My Father and William Paca Signer of the Declaration of Independence
My father was a stone mason for 50 years. He attended bricklaying trade school after getting out of the Navy where he served as a Seabee. He worked throughout Baltimore, Annapolis, and Washington DC specializing in historic renovation. He worked on the historic renovations of the Shiplap House, Saint Mary’s Church, the Maryland Inn and the Paca Gardens in Annapolis.
The Shiplap House was the oldest house in Annapolis, built in 1715. I was fortunate to work with my dad on the Shiplap House. I got to watch him take this old decrepit building and bring it back to its original design. The house had been both a store and a warehouse. I remember it was a dirty job with two hundred years’ worth of dust, dirt, and grit. It was so dusty that dad would spray the air with water to clear the air.
In 1976, my father worked tirelessly renovating all of the brick walkways and structures at the William Paca Gardens. The Paca House and Gardens National Historic Landmark brickwork was restored by my father to its colonial-era splendor. William Paca was one of the four Maryland signers of the Declaration of Independence. William Paca and my father were both born, one of seven children.
Dad told me the story of how he would work renovating the brick walls bordering the garden. He would take down the wall brick by brick and relay them. Each day an old man would come and watch my father work. The old man never spoke, said hello, or gave any greeting. He would just watch my Dad remove the old brick and relay the brick with new mortar mixed with crushed oyster shells to mimic the look of the historic mortar.
Dad used to love telling the story of how he had to take down a section of wall and a gold coin popped out of the wall. The old man, who never said a word and rarely moved except to watch my father work sprung to life and snatched the coin. The old man took off running like a lottery ticket winner. My dad never saw the old man again and never got to see how old the coin was. Dad frequently had observers, people who were fascinated at his demonstration of stone masonry. There was something rhythmic in the way dad could take a trowel full of concrete and always scoop the same size piece to properly coat the bottom of a brick before laying it in the next course or row of bricks.
Another story dad liked to tell was how the Maryland Historical Society historians used a 1772 portrait of William Paca to renovate the gardens. In the background of the life size portrait was the original garden. This was important as the garden was razed for a parking lot in the 1960’s when Paca’s houses was used as a hotel, so restoring the gardens to their original design took some detective work utilizing Charles Willson Peale’s 7 foot tall painting.
In 1982, my dad and I worked a brick sidewalk job together near St. Michael’s for a former classmate of my older sister’s, John. John was wealthy, arrogant and condescending. He was building a huge house on the Eastern Shore. We were putting in a serpentine brick sidewalk in front of the house. There was another contractor putting in hardwood floors inside the house. The hardwood floor guy was an older fellow who was an overly talkative guy. He about talked our ears off, but my dad always listened politely. The owner showed up while we were eating lunch together and fired the hardwood floor guy on the spot for not working quickly enough. He didn’t take the guy outside or give the man any courtesy whatsoever. I was aghast at the man’s firing. The hardwood floor man was nice to me and made it a point to learn my name. I was impressed a guy in his late sixties was still working doing such backbreaking work.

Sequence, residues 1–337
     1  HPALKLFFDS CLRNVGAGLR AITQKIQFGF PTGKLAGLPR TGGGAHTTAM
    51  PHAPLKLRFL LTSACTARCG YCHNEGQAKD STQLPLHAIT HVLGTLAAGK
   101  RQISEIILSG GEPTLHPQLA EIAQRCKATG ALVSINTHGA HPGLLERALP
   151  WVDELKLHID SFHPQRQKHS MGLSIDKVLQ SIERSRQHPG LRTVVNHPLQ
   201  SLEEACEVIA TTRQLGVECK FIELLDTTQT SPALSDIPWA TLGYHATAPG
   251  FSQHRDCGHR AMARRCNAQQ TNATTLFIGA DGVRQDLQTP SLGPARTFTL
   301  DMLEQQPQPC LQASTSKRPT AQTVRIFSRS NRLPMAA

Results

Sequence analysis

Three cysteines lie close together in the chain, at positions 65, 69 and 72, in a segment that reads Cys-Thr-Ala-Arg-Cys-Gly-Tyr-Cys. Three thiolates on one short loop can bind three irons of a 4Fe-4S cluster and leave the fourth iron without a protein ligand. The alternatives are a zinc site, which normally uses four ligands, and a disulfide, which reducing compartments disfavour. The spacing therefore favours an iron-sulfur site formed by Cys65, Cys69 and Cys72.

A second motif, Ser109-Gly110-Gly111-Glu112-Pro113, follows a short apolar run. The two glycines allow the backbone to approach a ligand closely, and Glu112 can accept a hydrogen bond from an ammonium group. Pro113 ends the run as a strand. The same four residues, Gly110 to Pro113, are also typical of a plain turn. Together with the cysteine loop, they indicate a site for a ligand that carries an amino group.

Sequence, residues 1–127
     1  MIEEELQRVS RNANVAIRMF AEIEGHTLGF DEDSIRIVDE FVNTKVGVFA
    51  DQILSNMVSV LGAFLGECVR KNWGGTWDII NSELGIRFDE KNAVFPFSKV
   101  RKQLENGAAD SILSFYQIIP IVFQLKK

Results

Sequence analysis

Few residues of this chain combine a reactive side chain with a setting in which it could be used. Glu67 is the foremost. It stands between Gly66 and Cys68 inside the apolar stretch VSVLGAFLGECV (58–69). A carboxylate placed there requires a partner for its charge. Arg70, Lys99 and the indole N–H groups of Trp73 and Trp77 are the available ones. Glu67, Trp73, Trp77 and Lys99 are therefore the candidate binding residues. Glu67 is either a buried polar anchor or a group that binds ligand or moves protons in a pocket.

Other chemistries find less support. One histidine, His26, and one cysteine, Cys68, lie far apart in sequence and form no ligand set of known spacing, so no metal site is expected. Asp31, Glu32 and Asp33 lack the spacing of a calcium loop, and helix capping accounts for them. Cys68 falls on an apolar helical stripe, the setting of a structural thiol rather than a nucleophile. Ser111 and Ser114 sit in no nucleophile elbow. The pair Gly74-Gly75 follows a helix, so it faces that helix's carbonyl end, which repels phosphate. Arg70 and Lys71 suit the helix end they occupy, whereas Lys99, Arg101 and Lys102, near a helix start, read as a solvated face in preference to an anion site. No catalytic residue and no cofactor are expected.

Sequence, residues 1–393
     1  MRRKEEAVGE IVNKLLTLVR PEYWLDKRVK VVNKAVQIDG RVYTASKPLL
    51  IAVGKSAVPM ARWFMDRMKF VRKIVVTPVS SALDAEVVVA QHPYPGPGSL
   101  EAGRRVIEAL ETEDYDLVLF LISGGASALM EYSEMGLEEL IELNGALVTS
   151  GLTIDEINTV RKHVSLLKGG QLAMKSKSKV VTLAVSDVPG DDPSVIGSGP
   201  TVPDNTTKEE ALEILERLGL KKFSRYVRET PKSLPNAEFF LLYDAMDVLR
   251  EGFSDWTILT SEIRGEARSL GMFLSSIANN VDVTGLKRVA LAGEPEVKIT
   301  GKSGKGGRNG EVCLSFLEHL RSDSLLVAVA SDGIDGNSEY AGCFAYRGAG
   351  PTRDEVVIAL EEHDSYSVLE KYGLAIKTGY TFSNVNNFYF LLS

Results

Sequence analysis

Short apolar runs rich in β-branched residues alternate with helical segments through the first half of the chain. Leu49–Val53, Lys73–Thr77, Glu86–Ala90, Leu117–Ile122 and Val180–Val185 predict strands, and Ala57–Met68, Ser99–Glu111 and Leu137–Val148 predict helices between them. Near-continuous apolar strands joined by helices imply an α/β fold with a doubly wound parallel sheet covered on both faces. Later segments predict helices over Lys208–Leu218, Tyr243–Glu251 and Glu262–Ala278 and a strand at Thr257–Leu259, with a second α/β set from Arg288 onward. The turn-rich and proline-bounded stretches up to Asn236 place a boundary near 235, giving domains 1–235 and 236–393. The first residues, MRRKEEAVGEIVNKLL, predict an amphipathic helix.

The hardwood floor man cried quietly, gathered his belongings, and said goodbye. My dad and I did not speak about it until the long ride home along route fifty across the Chesapeake Bay Bridge. Dad could see I was angry and needed to talk about it. Dad told me of the injustice and how it should not have happened, but we had a job to finish. The hardwood floor man died several weeks later from cancer. We suspected he knew he was dying, but he wanted to go out working as he had no family. The whole incident made me sad.
Later, the owner caused my dad grief by saying he did not like the sidewalk. I never heard any client tell my dad they did not like his work. The owner wanted my father to pull out the serpentine sidewalk out and replace it with a straight sidewalk. My mother got involved and told my Father not to do it. My father told me his work quality had been questioned so we would correct it. He told me it was a question of honor and standing by your work. My dad and I pulled the sidewalk out brick by brick. I helped recycle the bricks by chipping the mortar off, so he could reuse them. Dad did the work out of his own pocket at a loss, but he told the owner that he would never work for him again. The owner called my dad several times over the years after that and my father refused to do any work for him.